These past two weeks have not been good for Rick Perry. After two major gaffes that would have succeeded in making George Bush cringe from embarrassment, Perry has received immense amounts of attention from the media while simultaneously becoming a laughingstock across the internet. As his campaign is quickly discovering, any press does not necessarily mean good press.
The first blunder was the entirety of a speech in New Hampshire that came across as quite a bit unusual. Perry was overly exuberant with some pretty wild gestures and stories, going so far as to ramble off his high school’s motto to his audience. His excitement was paired with giggles and smirks at intermittent points in his speech.
The normal dignity and poise you’d expect from a Presidential candidate was completely absent and led to claims he may have had too much to drink before getting behind the podium. Other stories circulated that he was having some sort of bad reaction to medication.
His campaign swiftly answered that he had not had anything to drink that night. Instead, his staff seemed content to let the media portray their candidate as a sober buffoon.
It went so far that MSNBC correspondent Rachel Maddow claimed that this was the end of his campaign seeing as “Perry can no longer be considered a serious contender for president after this.”
While her claim did somewhat romanticize the damage that this speech would have caused Rick Perry, after his latest performance in last Wednesdays GOP Presidential Candidate debate, there is no question that his run for President is over.
There are a few times when hearing “oops” is frightening. Surgery is one. High stakes political campaigns for the most powerful office in the world is another.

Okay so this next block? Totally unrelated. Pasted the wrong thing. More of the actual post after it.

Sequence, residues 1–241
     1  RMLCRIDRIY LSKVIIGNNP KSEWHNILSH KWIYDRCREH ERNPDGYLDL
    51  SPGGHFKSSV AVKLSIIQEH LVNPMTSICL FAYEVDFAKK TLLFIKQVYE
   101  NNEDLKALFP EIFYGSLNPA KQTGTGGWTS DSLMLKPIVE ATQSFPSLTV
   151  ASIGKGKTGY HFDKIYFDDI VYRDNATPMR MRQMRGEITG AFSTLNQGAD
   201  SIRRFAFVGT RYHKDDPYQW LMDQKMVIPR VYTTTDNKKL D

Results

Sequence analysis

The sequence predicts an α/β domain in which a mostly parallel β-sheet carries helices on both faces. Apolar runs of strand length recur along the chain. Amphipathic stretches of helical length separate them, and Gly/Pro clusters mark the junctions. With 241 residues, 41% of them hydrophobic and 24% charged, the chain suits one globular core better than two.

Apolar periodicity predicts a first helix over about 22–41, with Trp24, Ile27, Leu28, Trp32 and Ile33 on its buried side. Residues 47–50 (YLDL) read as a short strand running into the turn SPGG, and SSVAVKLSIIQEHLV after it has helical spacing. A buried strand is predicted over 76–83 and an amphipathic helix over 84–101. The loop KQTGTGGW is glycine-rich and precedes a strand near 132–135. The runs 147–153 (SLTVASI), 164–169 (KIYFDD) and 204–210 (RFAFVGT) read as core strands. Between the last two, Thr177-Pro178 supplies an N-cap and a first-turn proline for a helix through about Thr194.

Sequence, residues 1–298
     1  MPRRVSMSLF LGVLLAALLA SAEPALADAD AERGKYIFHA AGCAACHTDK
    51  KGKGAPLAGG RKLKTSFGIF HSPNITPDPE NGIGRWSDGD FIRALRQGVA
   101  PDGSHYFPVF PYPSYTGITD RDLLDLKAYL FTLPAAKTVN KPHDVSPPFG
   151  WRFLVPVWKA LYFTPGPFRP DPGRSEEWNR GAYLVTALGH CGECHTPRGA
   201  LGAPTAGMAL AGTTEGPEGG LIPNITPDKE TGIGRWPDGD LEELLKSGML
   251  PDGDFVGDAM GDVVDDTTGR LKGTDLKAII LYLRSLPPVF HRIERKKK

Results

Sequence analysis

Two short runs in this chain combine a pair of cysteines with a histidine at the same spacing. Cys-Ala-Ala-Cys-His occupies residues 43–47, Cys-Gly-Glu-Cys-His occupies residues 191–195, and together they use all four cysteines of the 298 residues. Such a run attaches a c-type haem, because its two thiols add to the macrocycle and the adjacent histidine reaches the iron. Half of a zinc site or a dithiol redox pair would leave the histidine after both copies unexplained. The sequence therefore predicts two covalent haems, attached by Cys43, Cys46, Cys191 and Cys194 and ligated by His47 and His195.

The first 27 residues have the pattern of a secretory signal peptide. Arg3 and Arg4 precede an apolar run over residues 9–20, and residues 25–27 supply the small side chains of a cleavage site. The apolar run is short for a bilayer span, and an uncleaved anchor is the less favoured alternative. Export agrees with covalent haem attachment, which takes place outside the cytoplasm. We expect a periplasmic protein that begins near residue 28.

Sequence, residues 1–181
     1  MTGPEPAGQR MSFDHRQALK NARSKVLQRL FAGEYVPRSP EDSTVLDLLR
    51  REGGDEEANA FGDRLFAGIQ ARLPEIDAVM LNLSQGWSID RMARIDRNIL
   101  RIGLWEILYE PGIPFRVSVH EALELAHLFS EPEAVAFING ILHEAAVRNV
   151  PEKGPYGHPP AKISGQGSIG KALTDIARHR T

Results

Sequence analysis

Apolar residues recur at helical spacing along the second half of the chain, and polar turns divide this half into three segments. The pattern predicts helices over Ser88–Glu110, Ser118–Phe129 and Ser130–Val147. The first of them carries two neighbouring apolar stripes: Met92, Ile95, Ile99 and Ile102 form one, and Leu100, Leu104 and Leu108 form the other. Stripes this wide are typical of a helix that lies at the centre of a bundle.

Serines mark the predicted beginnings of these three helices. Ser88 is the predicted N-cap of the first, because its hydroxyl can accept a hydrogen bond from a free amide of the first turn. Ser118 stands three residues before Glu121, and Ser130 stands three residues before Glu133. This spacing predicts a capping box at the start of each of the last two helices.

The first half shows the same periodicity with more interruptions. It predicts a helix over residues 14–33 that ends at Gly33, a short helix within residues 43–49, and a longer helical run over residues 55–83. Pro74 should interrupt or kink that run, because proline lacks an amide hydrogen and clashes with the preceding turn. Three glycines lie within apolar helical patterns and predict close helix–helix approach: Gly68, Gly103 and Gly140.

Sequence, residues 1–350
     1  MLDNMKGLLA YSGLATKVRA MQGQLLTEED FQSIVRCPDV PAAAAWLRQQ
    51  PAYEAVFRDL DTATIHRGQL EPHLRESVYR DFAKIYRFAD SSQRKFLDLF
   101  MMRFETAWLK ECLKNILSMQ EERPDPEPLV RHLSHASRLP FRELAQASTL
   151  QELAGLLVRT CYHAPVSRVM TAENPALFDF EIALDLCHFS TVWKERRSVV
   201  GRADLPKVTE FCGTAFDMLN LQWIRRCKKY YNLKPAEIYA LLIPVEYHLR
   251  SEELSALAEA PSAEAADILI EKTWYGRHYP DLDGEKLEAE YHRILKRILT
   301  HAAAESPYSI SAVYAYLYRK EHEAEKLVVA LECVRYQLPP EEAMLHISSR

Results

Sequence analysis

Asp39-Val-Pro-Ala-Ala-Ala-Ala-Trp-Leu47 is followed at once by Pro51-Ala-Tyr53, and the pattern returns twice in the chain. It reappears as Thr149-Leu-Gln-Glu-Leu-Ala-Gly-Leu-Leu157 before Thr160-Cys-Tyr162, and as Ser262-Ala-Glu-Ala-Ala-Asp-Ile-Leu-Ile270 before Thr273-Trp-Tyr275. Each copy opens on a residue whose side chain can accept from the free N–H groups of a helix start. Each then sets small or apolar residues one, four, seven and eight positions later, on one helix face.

For those of you who have somehow not heard about Rick Perry’s major “Oops,” during the debate he could not remember which government agencies he would abolish. His response to the question was “I would do away with the Education, the Commerce and — let’s see — I can’t. The third one, I can’t. Sorry. Oops.” The third agency was Energy.
The mistake led to an absolute field day in the media. It has been mocked on every major news station, been posted all over Facebook and has even been parodied on “Saturday Night Live.” This has also led to some speculation about how much Perry even knows about his own campaign. It was suggested that it was just a talking point his advisors fed him that he somehow failed to correctly memorize. Who knows, anymore, if he even actually has any reasons for getting rid of any government agency. This seems highly improbable due to how many interactions that Perry must have had with the Energy Department coming from a state that has a heavily oil-dependent economy.
Personally, I’ve had enough brain freezes in everyday conversation, that I can pretty easily forgive a mistake that happened in a debate being televised to millions of people around the country. I also think the fact that he wants to get rid of the Education Department is a bit more appalling than just forgetting the name of an agency, but that’s besides the point.
Unfortunately for Mr. Perry, the voting public seems to be much less forgiving of his little gaffe. After his flub, Perry’s support from Republican respondents has dropped down to a shocking 4 percent.
His decline in the polls has been fairly consistent since entering the race in mid-August, but this marks an all-time low and the first time he has dropped below fellow Texan candidate Ron Paul. Even with allegations of sexual assault continuing to arise, Herman Cain managed to secure 27 percent in the same poll. Newt Gingrich, who has a campaign strategy that appears to consist of avoiding attention as to not screw it up, still managed to get 22 percent of support.
With such poor numbers and a falling public image, Rick Perry’s campaign looks to be in the process of crashing and burning. No amount of positive media attention would be able to remove the stains that his “unique” speech and debate mistake have proven to be.
It could be said that these past three months of campaigning have worn Perry out to a point where mistakes just happen. But coming from Texas and getting to witness how he works as Governor, I’m more inclined to believe that it’s just taken this long for his true colors to finally shine through.
Multimedia Editor Jeremy Benedik is a College junior from Georgetown, Texas.